Bridges' still more to the left and in the yard of the house used as a hospital.
I was sent to bring forward Sirwell's brigade, which was placed in position to support the batteries. Schultz's battery was placed to the rear of Marshall's, upon a commanding point.
The enemy having pressed the first line of troops back some distance, and the enemy being reported advancing from the extreme left, you sent me to withdraw Sirwell's brigade and post it on the top of the ridge. You now discovered the enemy moving upon our left through a corn-field in heavy columns. It was evident to all that they were throwing a heavy force in this direction.
1.30 p. m. Captain Hough and I were now sent to communicate with General Rosecrans and ask for re-enforcements. Captain Hough took the left of the ridge and I the right. On my way I met hundreds of men going to the rear, and the farther I went to the right the more stragglers I met. The woods were literally filled with disorganized bodies of troops. The enemy's shot and shell were coming thick and fast, their infantry rushing forward with yell after yell. Across the open field I could see General Rosecrans, alone, his staff and escort, with drawn sabers, endeavoring to check the avalanche of panic-stricken men that were fleeing before the desperate onset of the enemy. I was plainly to be seen that the right had given way. I reported to General Rosecrans your situation, the appearance of the enemy on your left in heavy force. He replied, "I can't help him; it is too late." I now attempted to return, but the close proximity of the enemy compelled me to make a detour, striking the road and coming around behind the ridges, the right and center being driven back; the enemy were now in possession of the route by which I had come. Everywhere I saw officers endeavoring to stop the continual flow of men to the rear. I at last met Captain Hough, and inquired for you, and asked whether you were still in the same position. He replied that you were. I found you to the right of the ridge, where you had gone to give directions to a battery that was at the time playing upon the enemy. I was perfectly surprised to find the command in the same position, for the enemy were pressing upon the right and training their batteries up the gorges. You now withdrew all the batteries except Schultz's, and put them in position farther back upon the ridge. Schultz's remained on the brow of the ridge, firing continually, and supported by the Thirty-seventh Indiana.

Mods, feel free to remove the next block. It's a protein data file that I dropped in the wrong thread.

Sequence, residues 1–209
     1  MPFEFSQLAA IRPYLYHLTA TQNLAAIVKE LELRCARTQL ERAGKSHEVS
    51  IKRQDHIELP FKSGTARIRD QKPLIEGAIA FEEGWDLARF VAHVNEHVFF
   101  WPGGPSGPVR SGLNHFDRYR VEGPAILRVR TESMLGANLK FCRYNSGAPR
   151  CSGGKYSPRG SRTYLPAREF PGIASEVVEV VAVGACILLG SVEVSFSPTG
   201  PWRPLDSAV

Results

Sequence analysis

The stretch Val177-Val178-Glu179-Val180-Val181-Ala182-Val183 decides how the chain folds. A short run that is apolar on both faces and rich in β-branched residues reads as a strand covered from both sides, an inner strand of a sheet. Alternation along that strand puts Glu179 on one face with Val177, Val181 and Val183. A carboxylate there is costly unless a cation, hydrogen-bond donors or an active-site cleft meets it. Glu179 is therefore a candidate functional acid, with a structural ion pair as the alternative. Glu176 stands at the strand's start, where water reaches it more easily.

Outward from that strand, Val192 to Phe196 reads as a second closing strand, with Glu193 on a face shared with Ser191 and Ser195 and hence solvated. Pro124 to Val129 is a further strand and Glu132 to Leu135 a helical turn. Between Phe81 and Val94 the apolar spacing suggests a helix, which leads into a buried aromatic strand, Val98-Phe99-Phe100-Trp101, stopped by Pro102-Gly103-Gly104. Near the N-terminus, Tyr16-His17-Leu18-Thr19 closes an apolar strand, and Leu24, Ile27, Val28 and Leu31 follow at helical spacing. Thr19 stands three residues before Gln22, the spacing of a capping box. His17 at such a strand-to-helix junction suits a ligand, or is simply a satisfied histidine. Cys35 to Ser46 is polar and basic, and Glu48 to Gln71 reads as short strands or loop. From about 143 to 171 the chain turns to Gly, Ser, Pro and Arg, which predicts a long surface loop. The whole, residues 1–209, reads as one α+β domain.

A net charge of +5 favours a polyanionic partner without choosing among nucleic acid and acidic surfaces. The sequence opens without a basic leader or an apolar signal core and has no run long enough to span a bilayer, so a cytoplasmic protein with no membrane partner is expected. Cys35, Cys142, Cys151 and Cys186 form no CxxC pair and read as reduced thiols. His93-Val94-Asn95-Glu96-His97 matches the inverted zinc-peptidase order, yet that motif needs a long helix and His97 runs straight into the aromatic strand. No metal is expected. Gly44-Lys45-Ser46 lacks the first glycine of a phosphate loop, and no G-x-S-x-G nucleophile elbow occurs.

Here you formed your troops, joined upon the left by a regiment of stragglers that had been collected from the miscellaneous mass; but the stragglers coming back panic-stricken, and by this time a battery brought to bear upon the ridge, the regiment of stragglers vanished. You then, after strenuous efforts to collect a sufficient number of troops to protect the artillery, remarked that to save the army from rout there must be a new line formed. A staff officer that had reported to you for duty informed you that the provost guard of the corps was stopping all stragglers, and forming a new line near the Chattanooga road. The enemy were now pressing forward upon the right and front of the ridge. Schultz was ordered back, and with great difficulty brought his battery back. The command, composed of the Seventy-eighth Pennsylvania, Thirty-seventh Indiana, and a portion of the Seventy-fourth Ohio, moved back toward the Chattanooga road. I was left behind to direct the movements of some caissons that had started down the Dug Valley road.